Friday, May 14, 2010

Feminist Boot Camp #9

Don't be afraid to cover a tune, or a poem, or a story you love, but if you do, make it your own. If you must, wear blue mascara. When you make eye contact, well, make eye contact.

Do crunches. Age well.

If you're still reading the same poems twenty years later, don't let your wardrobe fall behind. Show your butt. Though I don't recommend leather pants for a poet. Fiction writers perhaps. Poets not so much. But strut. Yes. See last entry.

What do crunches mean in a literary sense? Don't let your lines go slack: rein it in. Less is even more so the second and third time around.

Get leaner, not looser.

What to say when buddy says your poem lacks what he thinks makes for good poetry? (Fill in the blanks there it really could be anything...) Well? What to say?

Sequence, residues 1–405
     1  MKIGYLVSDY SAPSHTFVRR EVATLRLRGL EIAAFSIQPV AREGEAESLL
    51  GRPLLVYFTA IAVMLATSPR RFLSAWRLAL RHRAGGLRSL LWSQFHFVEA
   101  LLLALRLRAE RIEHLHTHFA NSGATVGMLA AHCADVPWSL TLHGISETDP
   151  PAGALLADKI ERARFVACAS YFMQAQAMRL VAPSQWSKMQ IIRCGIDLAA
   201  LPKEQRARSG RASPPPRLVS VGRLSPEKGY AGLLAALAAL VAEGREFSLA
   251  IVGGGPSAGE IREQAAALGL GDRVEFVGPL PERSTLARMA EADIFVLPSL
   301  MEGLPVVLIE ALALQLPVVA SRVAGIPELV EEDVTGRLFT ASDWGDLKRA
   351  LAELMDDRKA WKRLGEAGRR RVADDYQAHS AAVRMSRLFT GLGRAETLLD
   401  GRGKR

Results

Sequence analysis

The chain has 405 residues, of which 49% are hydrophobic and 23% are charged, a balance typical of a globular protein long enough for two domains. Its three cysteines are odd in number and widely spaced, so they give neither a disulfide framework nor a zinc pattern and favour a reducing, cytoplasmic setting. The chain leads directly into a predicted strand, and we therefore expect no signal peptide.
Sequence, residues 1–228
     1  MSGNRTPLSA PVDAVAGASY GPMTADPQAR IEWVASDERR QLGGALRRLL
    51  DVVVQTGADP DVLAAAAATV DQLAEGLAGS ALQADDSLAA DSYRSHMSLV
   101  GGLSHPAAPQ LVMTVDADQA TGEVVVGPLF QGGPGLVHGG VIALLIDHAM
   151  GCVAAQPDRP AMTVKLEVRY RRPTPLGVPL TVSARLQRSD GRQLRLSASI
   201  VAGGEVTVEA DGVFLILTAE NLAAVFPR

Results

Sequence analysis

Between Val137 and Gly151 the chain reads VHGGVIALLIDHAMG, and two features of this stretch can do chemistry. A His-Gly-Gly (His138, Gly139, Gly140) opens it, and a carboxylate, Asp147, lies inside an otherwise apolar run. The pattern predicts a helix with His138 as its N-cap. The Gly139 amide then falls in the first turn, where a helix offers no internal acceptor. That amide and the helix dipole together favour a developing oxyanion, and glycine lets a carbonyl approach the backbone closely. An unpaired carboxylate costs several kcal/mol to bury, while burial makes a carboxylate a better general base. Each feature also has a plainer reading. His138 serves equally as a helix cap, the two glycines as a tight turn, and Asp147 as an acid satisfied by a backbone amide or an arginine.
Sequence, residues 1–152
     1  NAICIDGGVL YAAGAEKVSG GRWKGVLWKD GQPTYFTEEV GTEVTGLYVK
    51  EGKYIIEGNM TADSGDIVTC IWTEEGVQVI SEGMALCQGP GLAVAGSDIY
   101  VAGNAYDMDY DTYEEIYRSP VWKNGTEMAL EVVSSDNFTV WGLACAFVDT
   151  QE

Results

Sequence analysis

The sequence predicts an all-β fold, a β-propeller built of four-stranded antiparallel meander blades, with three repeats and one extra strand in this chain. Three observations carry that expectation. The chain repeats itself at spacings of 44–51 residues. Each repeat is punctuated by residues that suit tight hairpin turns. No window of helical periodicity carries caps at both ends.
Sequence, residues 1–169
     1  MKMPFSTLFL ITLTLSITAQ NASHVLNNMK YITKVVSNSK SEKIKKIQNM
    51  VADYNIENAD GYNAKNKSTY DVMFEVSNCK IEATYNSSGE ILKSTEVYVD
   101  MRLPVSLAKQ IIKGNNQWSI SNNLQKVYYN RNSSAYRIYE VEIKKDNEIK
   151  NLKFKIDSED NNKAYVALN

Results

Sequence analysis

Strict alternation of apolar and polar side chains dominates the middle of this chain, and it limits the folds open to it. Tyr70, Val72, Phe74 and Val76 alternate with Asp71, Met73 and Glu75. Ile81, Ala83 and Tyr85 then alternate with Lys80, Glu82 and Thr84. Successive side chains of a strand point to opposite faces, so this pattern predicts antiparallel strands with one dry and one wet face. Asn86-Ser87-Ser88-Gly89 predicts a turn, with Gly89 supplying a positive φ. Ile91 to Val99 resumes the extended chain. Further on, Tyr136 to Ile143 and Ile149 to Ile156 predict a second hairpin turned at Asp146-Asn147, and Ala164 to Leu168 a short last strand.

Say the next poem. More forcefully.

Do it harder, firmer, louder, but keep your work on your terms. Don't respond to the critics. Unless what you're going to end up with is Art Objects. Or create your own dialog (and here and here).

5 comments:

Roz said...

I take your feminist curriculum quite seriously, Laureate Hound. Can we get honorary MFAs for completing this coursework?

VanessaP said...

demonstrating a nice penchant for the imperative case

Anonymous said...

Can you clarify what you meant about Art Objects?

Lemon Hound said...

Hey Anonymous,
I guess I appreciated when Winterson reacted to criticism of her work in a thoughtful, discursive way (as in the essays in Art Objects), creating a new body of work, rather than when I caught whiff of her reacting directly, but in a defensive way. The latter so often being, well, defensive.

Lemon Hound said...

Roz, I'm watching. I'll know when you've graduated.

;-)